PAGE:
service: email-service
stage: prod
region: us-east-1
api keys:
  None
endpoints:
  POST - https://yt1i5ydiu4.execute-api.us-east-1.amazonaws.com/prod/email
functions:
  send: email-service-prod-send

Note, that the stage used is prod and it is reflected in the function name email-service-prod-send, and the resulting endpoint.

#Calling the Service

Let's call the live function that has been deployed to AWS. We will explore the --log flag that will output logging information about our invocation.

$ sls invoke --function send -p send-email-data.json --log

{
    "statusCode": 202,
    "body": "{\"message\":\"Request to send email is successful.\",\"input\":{\"id\":\"<20170721005341.92497.BF1D6AF2BA38787B@yourdomain.mailgun.org>\",\"message\":\"Queued. Thank you.\"}}"
}
--------------------------------------------------------------------
START RequestId: 09bd13cd-6daf-11e7-87e0-e9f5c3dd5058 Version: $LATEST
2017-07-21 00:53:41.960 (+00:00)	09bd13cd-6daf-11e7-87e0-e9f5c3dd5058	{ statusCode: 202,
  body: '{"message":"Request to send email is successful.","input":{"id":"<20170721005341.92497.BF1D6AF2BA38787B@yourdomain.mailgun.org>","message":"Queued. Thank you."}}' }
END RequestId: 09bd13cd-6daf-11e7-87e0-e9f5c3dd5058
REPORT RequestId: 09bd13cd-6daf-11e7-87e0-e9f5c3dd5058	Duration: 439.95 ms	Billed Duration: 500 ms 	Memory Size: 1024 MB	Max Memory Used: 38 MB

The email is successfully sent.

Since the deployment output also shows the HTTP endpoint for our email service, we can use curl to call that endpoint, passing it an email address.

$ curl -X POST https://yt1i5ydiu4.execute-api.us-east-1.amazonaws.com/prod/email -d '{"to_address":"your@email.com"}'

HTTP/1.1 202 Accepted
...
...

{"message":"Request to send email is successful.","input":{"id":"<20170721005711.6305.4865866169A6F957@sandbox77a6b258412d4bb9a2d12abeb33ac01e.mailgun.org>","message":"Queued. Thank you."}}

Again, another email is successfully sent.

#Error Handling

To have our code gracefully handle errors and bad input, I have added some validation checks. The code makes sure that if bad input data is passed in, the function returns an error even before calling the mailgun API method. That means quicker response times with potential cost gains at the Mailgun API side. Let's try out some error edge cases and see the results:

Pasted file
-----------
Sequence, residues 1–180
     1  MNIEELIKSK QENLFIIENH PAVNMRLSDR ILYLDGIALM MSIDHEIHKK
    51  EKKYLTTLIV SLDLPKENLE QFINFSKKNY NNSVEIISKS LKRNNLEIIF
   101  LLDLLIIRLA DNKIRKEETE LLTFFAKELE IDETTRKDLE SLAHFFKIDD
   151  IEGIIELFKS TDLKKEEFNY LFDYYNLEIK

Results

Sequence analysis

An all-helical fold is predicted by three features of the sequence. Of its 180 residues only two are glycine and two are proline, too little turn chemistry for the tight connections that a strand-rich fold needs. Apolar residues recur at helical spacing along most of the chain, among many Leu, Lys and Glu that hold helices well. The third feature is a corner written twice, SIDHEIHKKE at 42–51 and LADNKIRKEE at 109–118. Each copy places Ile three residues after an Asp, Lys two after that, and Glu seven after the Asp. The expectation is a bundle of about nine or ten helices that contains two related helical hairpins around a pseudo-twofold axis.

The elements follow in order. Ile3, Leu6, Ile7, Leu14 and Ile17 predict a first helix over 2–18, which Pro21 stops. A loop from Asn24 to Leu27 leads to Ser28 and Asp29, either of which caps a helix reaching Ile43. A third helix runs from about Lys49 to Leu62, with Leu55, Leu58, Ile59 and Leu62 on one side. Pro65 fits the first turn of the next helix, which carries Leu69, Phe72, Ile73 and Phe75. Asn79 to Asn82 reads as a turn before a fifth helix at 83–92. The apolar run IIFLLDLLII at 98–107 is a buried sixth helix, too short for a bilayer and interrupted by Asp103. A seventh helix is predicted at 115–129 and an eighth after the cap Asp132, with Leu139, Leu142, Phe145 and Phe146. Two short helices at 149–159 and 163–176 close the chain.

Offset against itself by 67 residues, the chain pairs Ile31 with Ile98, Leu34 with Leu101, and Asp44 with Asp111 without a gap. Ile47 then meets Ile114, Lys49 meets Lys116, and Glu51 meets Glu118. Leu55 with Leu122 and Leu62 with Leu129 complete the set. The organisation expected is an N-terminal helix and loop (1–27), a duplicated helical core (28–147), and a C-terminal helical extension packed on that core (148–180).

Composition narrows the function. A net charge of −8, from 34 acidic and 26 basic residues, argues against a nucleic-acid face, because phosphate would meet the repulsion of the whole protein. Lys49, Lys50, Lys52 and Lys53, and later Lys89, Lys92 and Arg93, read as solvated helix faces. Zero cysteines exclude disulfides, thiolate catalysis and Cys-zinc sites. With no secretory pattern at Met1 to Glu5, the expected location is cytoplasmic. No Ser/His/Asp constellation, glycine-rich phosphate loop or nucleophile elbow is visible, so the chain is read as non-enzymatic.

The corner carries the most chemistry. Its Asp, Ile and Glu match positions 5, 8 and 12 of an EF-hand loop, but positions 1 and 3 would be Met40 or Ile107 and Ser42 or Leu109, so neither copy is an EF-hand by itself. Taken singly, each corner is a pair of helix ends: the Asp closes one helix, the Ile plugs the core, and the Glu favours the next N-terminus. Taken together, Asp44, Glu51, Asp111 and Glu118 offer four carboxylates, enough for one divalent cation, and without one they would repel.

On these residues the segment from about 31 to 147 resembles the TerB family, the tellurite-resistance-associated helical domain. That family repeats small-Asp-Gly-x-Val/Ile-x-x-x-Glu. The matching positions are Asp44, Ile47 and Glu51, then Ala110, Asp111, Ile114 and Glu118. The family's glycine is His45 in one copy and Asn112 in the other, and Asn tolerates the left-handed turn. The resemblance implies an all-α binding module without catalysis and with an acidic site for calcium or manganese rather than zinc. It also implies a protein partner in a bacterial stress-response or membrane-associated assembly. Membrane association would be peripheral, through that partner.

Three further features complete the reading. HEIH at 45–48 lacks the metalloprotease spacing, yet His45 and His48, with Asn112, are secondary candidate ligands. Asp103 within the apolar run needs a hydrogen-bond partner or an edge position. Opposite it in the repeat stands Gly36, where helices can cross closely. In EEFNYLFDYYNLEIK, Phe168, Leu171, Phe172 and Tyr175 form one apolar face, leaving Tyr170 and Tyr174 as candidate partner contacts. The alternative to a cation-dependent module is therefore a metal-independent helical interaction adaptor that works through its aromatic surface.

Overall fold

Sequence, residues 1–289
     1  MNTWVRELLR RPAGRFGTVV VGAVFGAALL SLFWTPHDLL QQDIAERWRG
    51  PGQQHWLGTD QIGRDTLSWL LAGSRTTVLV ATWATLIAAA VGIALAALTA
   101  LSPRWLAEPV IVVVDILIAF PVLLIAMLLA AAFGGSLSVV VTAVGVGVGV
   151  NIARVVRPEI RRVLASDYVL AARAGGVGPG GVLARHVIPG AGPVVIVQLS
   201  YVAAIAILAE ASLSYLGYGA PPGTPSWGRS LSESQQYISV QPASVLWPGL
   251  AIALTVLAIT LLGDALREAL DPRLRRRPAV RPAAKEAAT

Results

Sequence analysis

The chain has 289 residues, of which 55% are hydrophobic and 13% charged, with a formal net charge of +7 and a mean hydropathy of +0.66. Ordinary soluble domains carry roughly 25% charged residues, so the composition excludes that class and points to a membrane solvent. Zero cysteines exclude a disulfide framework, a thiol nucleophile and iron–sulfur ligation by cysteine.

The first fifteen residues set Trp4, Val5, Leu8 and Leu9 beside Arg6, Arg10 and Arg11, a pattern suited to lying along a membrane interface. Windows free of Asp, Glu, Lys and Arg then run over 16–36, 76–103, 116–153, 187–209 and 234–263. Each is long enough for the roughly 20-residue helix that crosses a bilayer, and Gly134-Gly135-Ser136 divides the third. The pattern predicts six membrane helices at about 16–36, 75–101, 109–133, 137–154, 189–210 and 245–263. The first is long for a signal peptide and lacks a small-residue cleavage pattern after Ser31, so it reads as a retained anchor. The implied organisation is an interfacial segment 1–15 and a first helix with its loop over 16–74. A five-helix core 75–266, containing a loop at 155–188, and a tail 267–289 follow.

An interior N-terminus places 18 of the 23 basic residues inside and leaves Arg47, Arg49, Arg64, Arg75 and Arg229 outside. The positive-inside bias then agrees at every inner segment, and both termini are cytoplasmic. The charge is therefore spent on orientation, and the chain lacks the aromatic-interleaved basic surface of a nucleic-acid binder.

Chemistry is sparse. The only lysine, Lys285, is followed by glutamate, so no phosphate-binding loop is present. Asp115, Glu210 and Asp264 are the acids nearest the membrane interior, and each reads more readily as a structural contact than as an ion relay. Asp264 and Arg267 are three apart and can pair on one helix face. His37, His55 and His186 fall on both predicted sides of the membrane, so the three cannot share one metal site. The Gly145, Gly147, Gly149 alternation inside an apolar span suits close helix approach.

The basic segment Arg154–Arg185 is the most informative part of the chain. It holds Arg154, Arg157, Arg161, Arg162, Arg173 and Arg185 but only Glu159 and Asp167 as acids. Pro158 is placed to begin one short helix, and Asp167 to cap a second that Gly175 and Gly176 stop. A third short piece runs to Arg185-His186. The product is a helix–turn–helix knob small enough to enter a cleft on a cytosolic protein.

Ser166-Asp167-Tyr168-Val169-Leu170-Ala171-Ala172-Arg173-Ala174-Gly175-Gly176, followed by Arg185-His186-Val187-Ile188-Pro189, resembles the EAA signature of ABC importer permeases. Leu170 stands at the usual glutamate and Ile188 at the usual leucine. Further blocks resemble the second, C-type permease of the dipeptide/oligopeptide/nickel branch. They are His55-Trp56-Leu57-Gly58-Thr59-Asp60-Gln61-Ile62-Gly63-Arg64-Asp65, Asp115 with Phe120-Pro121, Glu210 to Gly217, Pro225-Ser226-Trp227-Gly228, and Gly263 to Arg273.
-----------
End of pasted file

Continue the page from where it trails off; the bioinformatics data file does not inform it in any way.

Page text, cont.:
No Data

$ curl -i -X POST https://yt1i5ydiu4.execute-api.us-east-1.amazonaws.com/prod/email

{"message":"Bad input data or missing email address.","input":null}

Bad Data

$ curl -i -X POST -d '{"to_address":""}' https://yt1i5ydiu4.execute-api.us-east-1.amazonaws.com/prod/email

{"message":"Bad input data or missing email address.","input":"{\"to_address\":\"\"}"}

Note: Testing with bad input data -d '{}' or -d '{"junk"}', results in the same output.

Malformed Email Address

$ curl -i -X POST -d '{"to_address":"junk"}' https://yt1i5ydiu4.execute-api.us-east-1.amazonaws.com/prod/email

{"message": "Internal server error"}

curl kind of barfs, as the function causes an exception in this case. We can see the exception if we call the function with the framework:

$ sls invoke --function send --data '{"body":"{\"to_address\":\"junk\"}"}' --log

{
    "errorMessage": "'to' parameter is not a valid address. please check documentation",
    "errorType": "Error",
    "stackTrace": [
        ...
    ]
}
--------------------------------------------------------------------
START RequestId: 0eb38aeb-6d9d-11e7-9787-2996c7e3fdb0 Version: $LATEST
2017-07-20 22:44:58.544 (+00:00)	0eb38aeb-6d9d-11e7-9787-2996c7e3fdb0	{ Error: 'to' parameter is not a valid address. please check documentation
...
...
2017-07-20 22:44:58.545 (+00:00)	0eb38aeb-6d9d-11e7-9787-2996c7e3fdb0	{"errorMessage":"'to' parameter is not a valid address. please check documentation","errorType":"Error","stackTrace":
...
...
END RequestId: 0eb38aeb-6d9d-11e7-9787-2996c7e3fdb0
REPORT RequestId: 0eb38aeb-6d9d-11e7-9787-2996c7e3fdb0	Duration: 339.84 ms	Billed Duration: 400 ms 	Memory Size: 1024 MB	Max Memory Used: 41 MB

Note: We have been passing in data via the -p flag in our previous examples but you can also pass in data using the --data flag.

Leaving an exception unhandled is not acceptable, so let's refactor the code to return a proper HTTP response.

    ...
    mailgun.messages().send(emailData, (error, body) => {
      if (error) {
        // log error response
        // console.log(error);
        // callback(error);
        const response = {
          statusCode: 400,
          body: JSON.stringify({
            message: error,
            input: body,
          }),
        };
        callback(null, response);
      } else {
        ...

Now, when we deploy the function and call it, we get a better response.

curl -i -X POST -d '{"to_address":"junk"}' https://yt9i5yniu3.execute-api.us-east-1.amazonaws.com/prod/email

HTTP/1.1 400 Bad Request
Content-Type: application/json
Content-Length: 118
...
...

{"message":{"statusCode":400},"input":{"message":"'to' parameter is not a valid address. please check documentation"}}

This concludes the development of the application.

Code: Get the full source code to the application project on Github.

#Summary

We explored the path to creating a serverless application from scratch, starting with a boiler plate template. We then customized the code, tested the code locally, and deployed it to AWS Lambda. Finally, we accessed the public function via the HTTP endpoint, and also looked at some error conditions and use cases. At the end of it all, we created a fully functional serverless backed email service that sent out emails via the Mailgun email service provider.

About Rupak Ganguly

Rupak Ganguly is an Enterprise Advocate at Serverless, Inc., striving to take the excitement around serverless into the enterprises. I tend to achieve that by working with the community, the enterprise developers & thought leaders. It is my belief that we can drive innovation, cultivate a faster go-to-market strategy with low TCO by investing in the serverless movement.